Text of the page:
From that point I realized that "feelings" and "sensations" and "perceptions" are so fleeting(coming and going) that I wanted to learn to meditate and get familiar with the place that never changes and where I can see the feelings objectively and when appropriate(for me) distance myself from some of them.

It's hard to explain. But I found a place of equilibrium which continues to enrich my life.

Let me know what you think,


STEVE COMMENT:
Here's that book Sandy mentioned

Mar 10, 2011
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to Sandy
by: Anonymous

I am definitely interested in the book you mentioned and thank you for your response, it is all very interesting and I am willing to explore this, thank you for your reply Sandy.

Mar 10, 2011
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Sadness
by: Papri

It was a nice video Steve.
Sometimes I feel sadness if it stays within, is very painful..
Its good to share it, heart feels lighter..but frankly speaking im not very social person and I'm not good at making friends either and so I share my sad thoughts with my diary.
Have a great weekend.

Mar 10, 2011
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Being Social and getting out sadness
by: Sandy

Often times we are feeling a range of feelings from sadness to anger but underneath it all is some painful experience. And sometimes its an experience we'd rather not face nor acknowledge because it makes us feel bad about ourselves or highlights some embarassing behavior.

Here's the issue: If you knew better would you have done better(a paraphrase from Maya Angelou).

And then there is the pain associated with some aspect of our past involving being a "victim". Though it is hard to forget and forgive, at some time it is necessary for your "own" cleansing, so you can move out of a place of stagnation. That is not to say that all the feelings of shame or doubt will leave overnight; but we must allow some light into a dark situation.

Often time we think that to "forgive" and "forget" makes us callous or cold and even a "pushover". But I think if you're done you're done. You don't have to relive the experience until you are ready. And you will know whether it is wise to bring up past things again. In some cases yes. In others "no". You must do what is best for you.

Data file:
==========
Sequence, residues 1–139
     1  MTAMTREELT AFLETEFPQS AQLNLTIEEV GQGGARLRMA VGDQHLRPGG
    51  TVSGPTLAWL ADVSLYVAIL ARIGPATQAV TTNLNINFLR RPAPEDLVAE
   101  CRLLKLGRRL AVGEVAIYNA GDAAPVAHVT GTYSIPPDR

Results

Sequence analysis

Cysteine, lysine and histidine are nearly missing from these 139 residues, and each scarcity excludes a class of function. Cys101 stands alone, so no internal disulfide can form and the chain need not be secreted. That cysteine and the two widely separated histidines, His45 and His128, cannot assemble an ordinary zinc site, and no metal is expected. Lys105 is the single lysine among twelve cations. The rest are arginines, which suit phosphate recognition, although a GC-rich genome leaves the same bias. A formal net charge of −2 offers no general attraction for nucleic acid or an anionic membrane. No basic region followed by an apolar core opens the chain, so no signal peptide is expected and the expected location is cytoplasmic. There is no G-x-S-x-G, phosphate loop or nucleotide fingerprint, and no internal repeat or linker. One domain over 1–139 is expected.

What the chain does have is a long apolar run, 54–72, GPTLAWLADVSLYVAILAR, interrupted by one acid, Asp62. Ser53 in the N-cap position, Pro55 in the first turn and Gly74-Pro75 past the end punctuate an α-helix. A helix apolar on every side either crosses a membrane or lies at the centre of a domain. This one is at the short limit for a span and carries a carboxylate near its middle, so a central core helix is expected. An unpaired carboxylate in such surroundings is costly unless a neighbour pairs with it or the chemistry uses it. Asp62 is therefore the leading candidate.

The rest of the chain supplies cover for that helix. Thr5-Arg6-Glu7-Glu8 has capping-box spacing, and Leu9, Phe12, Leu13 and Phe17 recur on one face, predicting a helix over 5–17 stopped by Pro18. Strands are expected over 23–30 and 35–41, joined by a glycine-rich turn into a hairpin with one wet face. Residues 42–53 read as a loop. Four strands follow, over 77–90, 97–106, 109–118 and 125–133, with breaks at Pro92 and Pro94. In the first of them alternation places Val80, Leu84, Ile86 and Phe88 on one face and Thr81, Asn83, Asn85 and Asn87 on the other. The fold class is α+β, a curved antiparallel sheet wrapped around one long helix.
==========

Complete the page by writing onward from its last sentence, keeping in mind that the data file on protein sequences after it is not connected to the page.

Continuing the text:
The other reality is that perhaps at the time you were emotionally or physically dependent on this person who hurt you and thus you did what you thought was "the path of least resistance".

Now you must no longer be a victim. And in many instances people find the courage to confront and "move on". Some pains will resolve themselves over time, or at least to a degree where you can function.

As far as socializing with others, I think we are hard on ourselves. At minimum one can "smile" and greet people and treat them with overall respect. But who says that you must sit down with others and become "friends" overnight.

I have some "acquintaces", "associations" but not necessarily people who fit in the "friend" category. Yet I live a fulfilled life.

One thing that is nice about forums such as this one(Thanks Steve) is you can anonymously use this to post some feelings and get feedback. You don't have to share any details or anything real painful; but just ask general questions and get feedback.

If you feel you must have a great social life and or many "friends" then start slow. Very slow. If you're shy just work up the courage to "smile" and say hello. And when people talk to you, listen and become interested in what they have to say.


I find it easy to concentrate on what they are saying, if I have the attitude that this person's experience may tell me something about myself. What can I learn from them? Why are they in my life at this time? What resources or information do they have that could be helpful to me? what information or resources do I have which could help them?

"Everytime you smile at someone, it is an action of love, a gift to that person, a beautiful thing.."
by Mother Teresa

Mar 11, 2011
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to Sandy
by: jj

Sandy
sorry, the reply was from me not anonymous :)